Also -- did it go onto say "of course, you best make sure the tablespaces are on DIFFERENT PHYSICAL DEVICES". if it didn't, then it left you hanging -- without giving you the really important piece of information. That is is trying to spread IO out across all devices. Not that index and data need to be separated like matter and anti-matter.

The SAME exact benefits could have been achieved just by using small extent sizes -- creating one tablespace with datafiles from many disks -- and putting all of the data in there. We tend to allocate extents in a round robin fashion from the available datafiles in the tablespace so the index and data extents would be splayed across the disks. This would achieve the same goal -- to achieve EVEN IO.

That is the goal, the only goal here -- achieve an even distribution of IO across as many devices as you can give us. Achieve that however you want but putting indexes on disk1 and data on disk2 is perhaps the weakest, least effective way to do that!!

how about batch processing

September 04, 2003 - 5:59 pm UTC

Reviewer: Dick Stins from The Netherlands, Amersfoort


This is very interesting. I guess that you are right in a multiuser environment (oltp) with lot's of users all doing different kind of things on lot's of different tables and indexes. All movements of the heads on the disks are quiet randomly and it is very hard to tell which constructions are able to reduce the head movements (still bottleneck on mechanical drives).

But quiet often are the machines at night dedicated for batch processing. In this case it is easier to predict and the transactions on the head movements. When you put indexes and data on one disk, than you are guaranteed that the heads will be swapping between those physical index and data sectors on the harddisk.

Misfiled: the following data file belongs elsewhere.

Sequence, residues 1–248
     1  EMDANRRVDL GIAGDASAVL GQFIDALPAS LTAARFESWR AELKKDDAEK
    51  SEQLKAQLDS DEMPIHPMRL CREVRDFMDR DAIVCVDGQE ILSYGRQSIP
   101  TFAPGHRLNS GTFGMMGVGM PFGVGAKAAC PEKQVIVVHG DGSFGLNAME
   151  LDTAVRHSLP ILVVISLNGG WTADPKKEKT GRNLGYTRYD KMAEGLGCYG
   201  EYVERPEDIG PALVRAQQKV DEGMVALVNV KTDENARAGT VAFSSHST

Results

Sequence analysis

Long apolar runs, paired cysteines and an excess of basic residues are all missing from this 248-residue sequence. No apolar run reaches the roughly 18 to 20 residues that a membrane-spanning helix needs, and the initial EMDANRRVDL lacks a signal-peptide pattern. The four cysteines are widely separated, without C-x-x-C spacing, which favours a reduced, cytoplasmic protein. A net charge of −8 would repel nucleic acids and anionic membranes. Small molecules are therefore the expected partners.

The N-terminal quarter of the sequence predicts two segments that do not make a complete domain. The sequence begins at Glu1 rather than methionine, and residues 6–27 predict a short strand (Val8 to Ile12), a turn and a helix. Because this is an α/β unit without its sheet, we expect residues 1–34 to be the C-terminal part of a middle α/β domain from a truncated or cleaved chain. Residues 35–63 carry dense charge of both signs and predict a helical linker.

When you put the indexes and the data on different harddisks, then it might help to reduce the head movements for this specific situation.

Ofcourse it depends on the kind of hardware, cache, ....
So you need to test.

Parallel read of indexes and data might be hard (or not?) but what happens with updates? Indexes and data might be updated in parallel.

Tom Kyte


September 05, 2003 - 3:28 pm UTC


no you don't.


it won't. it hasn't. it never really did.

if you are using indexes (single block, random io -- as you traverse from ROOT block to branch block to leaf block you'll have read data from 3 TOTALLY different places on the disk), you are accessing the table using single RANDOM block IO as well.

So no, it won't help "keep the heads where they should be" cause the heads are NEVER where they should be after any given read -- they always have to move elsewhwere to do the next read.

so, if you are using indexes, forget about this argument, it doesn't work.

(the updates are not done in parallel and the updates involve tons of single block, random IO once again to walk the index structure -- the heads are flying all over the place)

flying heads

September 06, 2003 - 5:25 pm UTC

Reviewer: Dick Stins from The Netherlands, Amersfoort


Thanks for you interesting answer.
You are right you keep head movements for index searches, but when the index is not defragmented in lot's of extents and in the same tablespace, then the heads are still closer to the needed blocks. That saves big head movements so it takes less time to read.